Arrays.sort(nums, (n1, n2) -> n2 - n1); Passing a lambda to sort an array in descending order.

Lambdas versus Anonymous Inner Classes

Despite the fact that a lambda expression is very similar to an anonymous inner class, the most im­por­tant difference between the two constructs is scope.

Inner Class / Anonymous Inner Class Lambda Expression
Creates new scope. Uses enclosing scope.
Can shadow local variables from enclosing scope. Cannot shadow local variables.
The this keyword refers to its own instance. The this keyword refers to the enclosing instance.
Enclosing scope variables need not be final. Enclosing scope variables must be final or effectively final.
Type is explicitly specified on instantiation. Type of lambda determined by context.

Functional Interfaces

A functional interface is an interface with a single abstract method (previously called a SAM interface). Before Java 8 there were already a large number of SAM interfaces:

Java 8 has formalised this concept with a new optional @FunctionalInterface annotation. Because Java 8 now supports static and default method implementations in an interface, it’s useful to use the @FunctionalInterface annotation to allow the compiler to check for a single abstract method, be­cause the code in interfaces can become quite large.

In Java, lambda expressions are represented as objects and must be bound to a particular object type, known as a functional interface. This is called the target type. Since a functional interface can only have a single abstract method, the parameter types of the lambda expression must correspond to the parameters of that method, and the type of the lambda body must correspond to the return type of the same method. In addition, any exceptions that are thrown in the body must be allowed by the throws clause of the functional interface method.

As we’ve just seen, the Runnable interface has only a single abstract method, therefore it can be re­fer­red to as a functional interface. This concept is now formalised by annotating the interface with the @FunctionalInterface annotation.

Functional interface types can be used as targets for lambda expressions. To continue the example, we can create a reference to a Runnable object and assign a lambda expression to it:

We could use the reference as follows:

Additional Examples

There are a number of commonly used examples to introduce the syntax and style of lambda pro­gram­ming. These include code implementations of the Runnable, ActionListener and Comparator in­ter­faces.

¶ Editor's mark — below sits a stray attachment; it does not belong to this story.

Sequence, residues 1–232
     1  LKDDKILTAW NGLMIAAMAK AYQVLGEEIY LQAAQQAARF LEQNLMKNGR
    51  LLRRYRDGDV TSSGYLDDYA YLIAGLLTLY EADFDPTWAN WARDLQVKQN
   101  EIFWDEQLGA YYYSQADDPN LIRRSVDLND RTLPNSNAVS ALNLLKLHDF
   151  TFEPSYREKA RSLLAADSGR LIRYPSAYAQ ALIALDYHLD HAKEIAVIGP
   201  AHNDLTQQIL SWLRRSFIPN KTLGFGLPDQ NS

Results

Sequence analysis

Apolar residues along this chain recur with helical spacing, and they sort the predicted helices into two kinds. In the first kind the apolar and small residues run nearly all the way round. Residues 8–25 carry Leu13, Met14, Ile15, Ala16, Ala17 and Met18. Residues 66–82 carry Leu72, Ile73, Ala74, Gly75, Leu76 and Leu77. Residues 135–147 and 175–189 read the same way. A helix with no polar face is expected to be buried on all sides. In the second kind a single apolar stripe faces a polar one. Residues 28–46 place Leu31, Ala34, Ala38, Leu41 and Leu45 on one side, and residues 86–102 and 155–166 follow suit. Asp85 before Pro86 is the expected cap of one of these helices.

We’ve already seen examples using the Runnable interface where we replaced:



To avoid repeating all the different code implementations from earlier (separate class, main class, inner class, anonymous inner class), let’s just focus on replacing an anonymous inner class with a lamb­da expression. We can implement event handling code using an anonymous inner class as follows:

We can replace the previous anonymous inner class with a lambda expression similar to the fol­low­ing:

Note the parameter within the parentheses. Because we wish to use the parameter within the block of code, we need to define it beforehand. It would have been equally correct to define the lambda as:

or even just:


We’ve been discussing commonly-used implementations of the Strategy pattern. Another common use is with the Collections.sort() method. There are two overloaded sort() methods: one takes a List object whose elements must implement the Comparable interface; the other takes a List object and a Comparator object which then does the comparison operation. This is a good example of the Strategy pattern — instead of implementing a fixed algorithm for comparison, we can define a desired algorithm on the fly.

The usual (pre-functional) Java programming mechanisms include:

A comparator is an instance of a class that implements the Comparator interface:

For example, to compare strings by length, we can define a class that implements Comparator<String> :

To compare two strings by length, we would need to instantiate an object of this type and then call its compare() method: